Comparing transformer losses. Only a limited amount of field data is available on transformer losses due to the high cost of gathering detailed data from a reasonable number of individual transformers. Faced with this lack of comprehensive field data, the remaining graphs in this article represent our years of field experience with a combination of published efficiency data under linear and nonlinear load conditions and independent testing, as well as before/after field measurements to build a series of representative loss curves for different transformers as accurately as possible with the data available.
Standard transformer—The standard transformer is built to deliver its nameplate kVA rating under linear load only and is UL Listed on this basis. As it has the lowest purchase price on the market, it represents the majority of transformer purchases made across the country. When feeding electronic equipment, substantial derating is required—on the order of 50% or more—to prevent overheating and premature failure, according to IEEE Standard 1100-1992. Along with its high operating cost, other factors include a substantial loss in capacity and distortion of the voltage to connected equipment.
Low temperature rise transformer—Transformers with a low operating temperature rise have often been purchased with energy savings in mind, as published full load losses are substantially lower than those of many other transformers. These transformers are traditionally available in either 80°C or 115°C operating temperature rise, as opposed to the standard 150°C rise that represents the majority of low-voltage, 3-phase, dry-type transformer sales.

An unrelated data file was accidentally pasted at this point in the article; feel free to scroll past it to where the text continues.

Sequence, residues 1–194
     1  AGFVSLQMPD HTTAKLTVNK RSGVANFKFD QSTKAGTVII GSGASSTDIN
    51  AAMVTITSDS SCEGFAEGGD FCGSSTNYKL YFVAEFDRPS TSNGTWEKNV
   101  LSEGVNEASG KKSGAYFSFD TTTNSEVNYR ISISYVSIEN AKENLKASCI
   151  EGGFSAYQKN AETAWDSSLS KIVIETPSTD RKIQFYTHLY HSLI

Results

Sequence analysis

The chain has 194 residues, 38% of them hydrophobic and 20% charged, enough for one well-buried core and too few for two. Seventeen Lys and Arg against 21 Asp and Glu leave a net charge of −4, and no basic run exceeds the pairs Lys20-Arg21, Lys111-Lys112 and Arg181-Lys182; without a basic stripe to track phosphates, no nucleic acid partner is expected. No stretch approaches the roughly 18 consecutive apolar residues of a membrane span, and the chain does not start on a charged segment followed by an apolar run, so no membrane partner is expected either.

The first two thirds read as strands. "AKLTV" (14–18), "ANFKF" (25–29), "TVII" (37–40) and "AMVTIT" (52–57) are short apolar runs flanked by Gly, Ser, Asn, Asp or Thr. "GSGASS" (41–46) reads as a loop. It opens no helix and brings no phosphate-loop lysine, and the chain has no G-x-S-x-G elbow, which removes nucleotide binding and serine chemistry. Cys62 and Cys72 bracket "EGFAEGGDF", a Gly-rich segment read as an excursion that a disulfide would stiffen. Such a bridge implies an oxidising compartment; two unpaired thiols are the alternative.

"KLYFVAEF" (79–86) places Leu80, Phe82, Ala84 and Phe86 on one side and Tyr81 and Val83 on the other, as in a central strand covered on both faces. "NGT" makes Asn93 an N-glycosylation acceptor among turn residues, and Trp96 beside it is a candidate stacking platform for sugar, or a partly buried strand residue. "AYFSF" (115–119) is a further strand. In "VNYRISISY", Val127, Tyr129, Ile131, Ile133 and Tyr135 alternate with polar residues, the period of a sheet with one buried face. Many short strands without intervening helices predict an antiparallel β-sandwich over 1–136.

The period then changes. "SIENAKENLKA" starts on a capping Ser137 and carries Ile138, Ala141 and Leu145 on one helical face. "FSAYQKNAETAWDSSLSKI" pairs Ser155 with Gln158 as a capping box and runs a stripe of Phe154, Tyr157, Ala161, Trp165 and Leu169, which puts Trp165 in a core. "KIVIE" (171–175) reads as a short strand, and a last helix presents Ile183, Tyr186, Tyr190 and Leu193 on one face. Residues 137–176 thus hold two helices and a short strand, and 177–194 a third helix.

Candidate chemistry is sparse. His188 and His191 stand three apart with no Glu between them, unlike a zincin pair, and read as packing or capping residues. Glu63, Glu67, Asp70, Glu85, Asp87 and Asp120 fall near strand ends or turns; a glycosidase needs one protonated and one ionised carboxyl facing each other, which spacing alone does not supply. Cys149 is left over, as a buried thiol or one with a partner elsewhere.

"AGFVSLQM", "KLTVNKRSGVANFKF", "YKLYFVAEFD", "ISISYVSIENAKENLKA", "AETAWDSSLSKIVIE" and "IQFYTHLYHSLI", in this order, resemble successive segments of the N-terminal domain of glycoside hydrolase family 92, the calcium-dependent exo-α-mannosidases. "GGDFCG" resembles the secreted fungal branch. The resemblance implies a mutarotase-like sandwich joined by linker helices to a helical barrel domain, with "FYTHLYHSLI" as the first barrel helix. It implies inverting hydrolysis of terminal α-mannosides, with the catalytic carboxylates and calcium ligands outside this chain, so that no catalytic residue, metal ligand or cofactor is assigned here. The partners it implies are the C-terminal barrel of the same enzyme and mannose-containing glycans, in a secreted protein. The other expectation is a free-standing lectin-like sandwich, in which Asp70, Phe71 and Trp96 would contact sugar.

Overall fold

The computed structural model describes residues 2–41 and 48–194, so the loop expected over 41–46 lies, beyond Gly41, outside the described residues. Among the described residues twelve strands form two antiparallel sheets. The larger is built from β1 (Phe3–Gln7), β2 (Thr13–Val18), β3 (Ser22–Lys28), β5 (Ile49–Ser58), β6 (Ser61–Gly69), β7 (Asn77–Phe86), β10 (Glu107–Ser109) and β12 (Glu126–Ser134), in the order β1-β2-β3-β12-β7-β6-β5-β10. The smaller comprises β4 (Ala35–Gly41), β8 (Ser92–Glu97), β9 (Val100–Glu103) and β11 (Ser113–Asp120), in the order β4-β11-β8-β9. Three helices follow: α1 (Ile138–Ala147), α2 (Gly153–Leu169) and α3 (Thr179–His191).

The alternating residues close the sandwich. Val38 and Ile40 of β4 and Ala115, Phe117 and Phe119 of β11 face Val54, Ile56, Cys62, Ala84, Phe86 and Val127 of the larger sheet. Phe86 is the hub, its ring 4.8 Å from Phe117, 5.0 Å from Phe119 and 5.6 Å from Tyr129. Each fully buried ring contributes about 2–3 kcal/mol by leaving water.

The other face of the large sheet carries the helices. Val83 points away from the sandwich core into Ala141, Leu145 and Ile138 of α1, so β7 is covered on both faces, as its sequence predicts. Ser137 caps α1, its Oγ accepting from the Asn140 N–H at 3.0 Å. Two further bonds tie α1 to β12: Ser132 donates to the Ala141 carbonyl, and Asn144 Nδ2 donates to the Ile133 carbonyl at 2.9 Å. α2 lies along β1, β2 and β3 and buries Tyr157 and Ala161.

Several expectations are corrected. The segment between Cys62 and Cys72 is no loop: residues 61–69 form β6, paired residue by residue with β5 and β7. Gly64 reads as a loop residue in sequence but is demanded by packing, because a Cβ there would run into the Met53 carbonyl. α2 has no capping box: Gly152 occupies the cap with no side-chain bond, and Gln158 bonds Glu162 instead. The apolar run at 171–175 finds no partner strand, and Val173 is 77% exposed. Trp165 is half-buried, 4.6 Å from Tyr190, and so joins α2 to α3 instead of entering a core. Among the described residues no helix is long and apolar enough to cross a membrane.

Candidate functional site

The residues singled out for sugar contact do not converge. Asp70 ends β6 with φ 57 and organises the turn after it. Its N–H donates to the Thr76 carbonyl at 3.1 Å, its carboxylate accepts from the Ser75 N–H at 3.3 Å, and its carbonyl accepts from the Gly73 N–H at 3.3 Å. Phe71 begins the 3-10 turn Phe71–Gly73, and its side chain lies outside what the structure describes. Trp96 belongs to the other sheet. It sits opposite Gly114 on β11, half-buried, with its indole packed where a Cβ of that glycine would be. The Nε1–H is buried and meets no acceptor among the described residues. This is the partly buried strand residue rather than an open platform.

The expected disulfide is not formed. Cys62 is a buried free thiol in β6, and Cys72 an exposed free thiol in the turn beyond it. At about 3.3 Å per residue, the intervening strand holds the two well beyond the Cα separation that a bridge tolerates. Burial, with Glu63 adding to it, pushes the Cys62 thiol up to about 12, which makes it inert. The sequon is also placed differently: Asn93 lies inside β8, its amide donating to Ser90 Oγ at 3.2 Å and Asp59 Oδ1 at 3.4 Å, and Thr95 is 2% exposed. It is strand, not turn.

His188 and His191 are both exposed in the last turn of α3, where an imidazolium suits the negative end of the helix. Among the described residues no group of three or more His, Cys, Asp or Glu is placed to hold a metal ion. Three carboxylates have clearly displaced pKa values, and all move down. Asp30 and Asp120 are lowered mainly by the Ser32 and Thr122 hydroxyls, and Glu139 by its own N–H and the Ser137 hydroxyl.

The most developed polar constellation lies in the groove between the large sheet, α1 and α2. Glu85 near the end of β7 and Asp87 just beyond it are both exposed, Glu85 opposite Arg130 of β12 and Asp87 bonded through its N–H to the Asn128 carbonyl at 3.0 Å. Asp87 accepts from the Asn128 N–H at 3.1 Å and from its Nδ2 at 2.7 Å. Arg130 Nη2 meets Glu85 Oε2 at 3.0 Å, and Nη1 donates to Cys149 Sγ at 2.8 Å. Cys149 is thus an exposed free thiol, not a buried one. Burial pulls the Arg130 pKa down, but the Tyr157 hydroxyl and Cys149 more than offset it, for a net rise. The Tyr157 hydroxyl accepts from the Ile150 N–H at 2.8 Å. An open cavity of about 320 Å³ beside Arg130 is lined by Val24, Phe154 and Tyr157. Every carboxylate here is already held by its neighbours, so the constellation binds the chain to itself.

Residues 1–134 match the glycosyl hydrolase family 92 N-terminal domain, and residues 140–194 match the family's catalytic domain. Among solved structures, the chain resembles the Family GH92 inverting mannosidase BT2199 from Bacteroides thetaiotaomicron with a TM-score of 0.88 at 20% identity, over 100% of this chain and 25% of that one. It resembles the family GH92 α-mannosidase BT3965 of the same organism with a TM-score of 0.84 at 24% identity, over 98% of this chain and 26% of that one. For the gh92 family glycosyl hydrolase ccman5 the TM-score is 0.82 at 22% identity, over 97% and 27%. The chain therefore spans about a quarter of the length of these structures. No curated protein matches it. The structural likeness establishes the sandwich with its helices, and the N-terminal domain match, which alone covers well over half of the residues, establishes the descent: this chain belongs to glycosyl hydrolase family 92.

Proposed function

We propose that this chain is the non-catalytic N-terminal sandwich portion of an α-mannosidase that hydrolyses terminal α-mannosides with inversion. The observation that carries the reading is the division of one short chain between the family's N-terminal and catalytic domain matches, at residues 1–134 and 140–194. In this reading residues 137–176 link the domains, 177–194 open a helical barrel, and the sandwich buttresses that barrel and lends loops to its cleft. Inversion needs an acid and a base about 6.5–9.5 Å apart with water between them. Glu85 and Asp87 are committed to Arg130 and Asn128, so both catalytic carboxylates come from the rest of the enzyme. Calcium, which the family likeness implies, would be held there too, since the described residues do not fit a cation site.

The low temperature rise transformer is designed to run cooler than a standard transformer when fully loaded. To meet this objective, manufacturers typically use a larger core and winding set, resulting in higher no-load losses (more core), but lower load losses (more coil). Since total losses are the sum of both core and coil losses, the low rise transformer will have higher losses than other transformers at low load levels where core losses predominate, but lower losses when heavily loaded, since coil losses predominate at high load levels.
From Fig. 3, it’s evident that at less than 60% load, it actually costs more to operate the 80°C rise transformer than the standard 150°C rise transformer. Depending on the size and manufacturer, the break-even point can be as high as 80%. Since many transformers are loaded to less than 50% capacity, use of an 80°C rise transformer is often a commitment to higher energy costs—the exact opposite of what was intended. Another limitation with the low temperature rise transformer is that it’s UL Listing applies when feeding linear loads only.
Energy Star transformer – In 1998, the EPA included a high-efficiency transformer program under the Energy Star banner. For a reference document, the EPA settled on NEMA TP-1 Guide for Determining Energy Efficiency for Distribution Transformers. The NEMA TP-1 standard establishes required efficiencies at 35% load for low-voltage, dry-type transformers, and at 50% load for liquid-filled and medium-voltage, dry-type transformers. In a bid to move the first-cost driven market to higher efficiency transformers, several states including New York, California, Minnesota, and Massachusetts, adopted NEMA TP-1 into law.
However, NEMA TP-1/ENERGY STAR transformer efficiencies reference test data under linear load conditions. This results in published efficiencies that are much higher than experienced in the real world due to the additional losses associated with the widespread use of electronic equipment. Ironically, transformers feeding harmonic-rich loads are exempt from meeting NEMA TP-1 benchmark efficiencies. Like the standard transformer, the Energy Star transformer is built to deliver its nameplate kVA rating under linear load and is UL Listed on this basis. And like standard transformers, Energy Star transformers exhibit increased losses, loss of capacity, and increased voltage distortion when feeding electronic equipment. The Energy Star-compliant transformer is more efficient than the standard transformer as shown in Fig. 4 (linear loading).